Elizabeth Bryson

Elizabeth Bryson

Graduate Student

My research focuses on latitudinal differences in Gulf of Maine (GOM) rocky shore communities.  Over the past 50 years, southern GOM rocky shore communities have been extensively studied and have provided the foundation for several overarching theories in community ecology (in particular, the Menge-Sutherland model of community organization).  However, northern GOM communities have received considerably less attention despite obvious differences in the distributions and abundances of dominant rocky shore species.  Thus, by examining these systems and understanding how dynamics vary across latitudes, I hope to better inform conventional theories of community organization.  Specifically my research seeks to:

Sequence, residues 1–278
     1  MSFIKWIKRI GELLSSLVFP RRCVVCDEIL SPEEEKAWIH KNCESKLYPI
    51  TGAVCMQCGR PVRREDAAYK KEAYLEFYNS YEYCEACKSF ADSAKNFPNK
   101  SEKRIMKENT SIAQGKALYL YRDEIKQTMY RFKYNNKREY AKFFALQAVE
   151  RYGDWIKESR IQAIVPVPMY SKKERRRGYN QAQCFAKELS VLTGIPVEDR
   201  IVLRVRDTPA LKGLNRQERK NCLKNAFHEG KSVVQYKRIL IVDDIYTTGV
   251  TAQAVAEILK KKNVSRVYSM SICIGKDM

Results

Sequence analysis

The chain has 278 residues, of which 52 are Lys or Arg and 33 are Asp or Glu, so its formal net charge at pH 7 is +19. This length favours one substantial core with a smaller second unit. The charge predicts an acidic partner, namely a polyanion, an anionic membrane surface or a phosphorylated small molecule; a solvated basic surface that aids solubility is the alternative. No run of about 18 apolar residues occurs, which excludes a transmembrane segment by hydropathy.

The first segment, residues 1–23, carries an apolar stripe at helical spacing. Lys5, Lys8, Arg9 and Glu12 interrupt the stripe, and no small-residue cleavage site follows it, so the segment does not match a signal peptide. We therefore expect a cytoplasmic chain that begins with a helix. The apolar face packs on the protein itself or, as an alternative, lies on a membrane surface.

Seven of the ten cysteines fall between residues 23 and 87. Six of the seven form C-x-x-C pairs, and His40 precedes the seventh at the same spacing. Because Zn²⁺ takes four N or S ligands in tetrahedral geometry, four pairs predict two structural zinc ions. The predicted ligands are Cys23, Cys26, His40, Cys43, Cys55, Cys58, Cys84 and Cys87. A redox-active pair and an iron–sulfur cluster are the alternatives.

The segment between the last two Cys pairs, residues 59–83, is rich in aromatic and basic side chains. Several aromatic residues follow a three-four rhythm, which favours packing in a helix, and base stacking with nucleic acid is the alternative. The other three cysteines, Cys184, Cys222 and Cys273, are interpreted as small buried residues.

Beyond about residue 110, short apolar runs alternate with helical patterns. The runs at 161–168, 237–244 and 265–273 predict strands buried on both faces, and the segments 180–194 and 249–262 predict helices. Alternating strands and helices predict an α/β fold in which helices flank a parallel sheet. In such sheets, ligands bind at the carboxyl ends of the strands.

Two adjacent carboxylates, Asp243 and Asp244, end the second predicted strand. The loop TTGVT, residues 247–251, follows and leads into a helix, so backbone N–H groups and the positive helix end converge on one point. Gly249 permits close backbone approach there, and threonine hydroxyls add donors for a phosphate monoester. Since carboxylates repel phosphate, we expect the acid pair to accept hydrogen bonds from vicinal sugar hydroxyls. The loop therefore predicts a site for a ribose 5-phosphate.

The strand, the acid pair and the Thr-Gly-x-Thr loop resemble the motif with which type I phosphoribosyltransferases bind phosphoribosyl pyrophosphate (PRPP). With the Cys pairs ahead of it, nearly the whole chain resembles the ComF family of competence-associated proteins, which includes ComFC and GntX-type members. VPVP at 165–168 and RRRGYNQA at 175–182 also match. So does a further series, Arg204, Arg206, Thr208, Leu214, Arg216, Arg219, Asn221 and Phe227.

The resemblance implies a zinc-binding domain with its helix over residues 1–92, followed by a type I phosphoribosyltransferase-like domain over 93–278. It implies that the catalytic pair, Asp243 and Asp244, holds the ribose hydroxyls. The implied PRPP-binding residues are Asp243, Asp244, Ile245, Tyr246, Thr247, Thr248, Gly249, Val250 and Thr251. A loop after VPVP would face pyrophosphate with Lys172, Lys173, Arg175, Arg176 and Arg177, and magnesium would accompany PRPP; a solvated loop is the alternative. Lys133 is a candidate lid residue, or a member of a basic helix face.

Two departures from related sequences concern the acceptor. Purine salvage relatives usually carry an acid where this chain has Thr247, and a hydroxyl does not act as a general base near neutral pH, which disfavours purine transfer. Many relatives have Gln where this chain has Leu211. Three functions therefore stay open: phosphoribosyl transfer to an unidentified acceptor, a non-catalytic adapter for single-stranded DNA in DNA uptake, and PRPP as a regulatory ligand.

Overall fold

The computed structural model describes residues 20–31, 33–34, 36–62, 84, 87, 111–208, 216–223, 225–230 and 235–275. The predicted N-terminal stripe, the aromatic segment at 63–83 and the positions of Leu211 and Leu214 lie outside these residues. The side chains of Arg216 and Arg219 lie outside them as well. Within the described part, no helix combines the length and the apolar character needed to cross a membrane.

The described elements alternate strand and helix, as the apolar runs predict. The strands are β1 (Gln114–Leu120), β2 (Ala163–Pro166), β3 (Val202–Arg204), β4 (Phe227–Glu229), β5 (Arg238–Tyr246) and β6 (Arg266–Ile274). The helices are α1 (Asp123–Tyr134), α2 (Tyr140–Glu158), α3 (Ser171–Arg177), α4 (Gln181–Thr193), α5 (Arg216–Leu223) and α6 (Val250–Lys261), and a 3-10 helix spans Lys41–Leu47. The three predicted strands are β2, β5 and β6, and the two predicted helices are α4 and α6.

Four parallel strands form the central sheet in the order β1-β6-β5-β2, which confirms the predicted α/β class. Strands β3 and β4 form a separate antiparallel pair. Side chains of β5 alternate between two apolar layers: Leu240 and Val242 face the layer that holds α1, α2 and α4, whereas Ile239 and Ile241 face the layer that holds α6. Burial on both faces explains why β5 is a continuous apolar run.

• Document latitudinal differences in rocky shore assemblages and successional patterns
  • Examine how differences in abiotic factors such as temperature and light availability contribute to these latitudinal patterns
  • Determine how latitudinal changes in bottom-up processes, including seasonal cycles of nutrient availability and phytoplankton concentrations, influence the recruitment and growth of rocky shore organisms
  • Investigate potential differences in the strength of species interactions (competition, herbivory, predation, etc) between northern and southern rocky shores
  • Apply the knowledge gained to classic theoretical models of community organization

Sunrise in the northern Gulf of Maine

Comments are closed.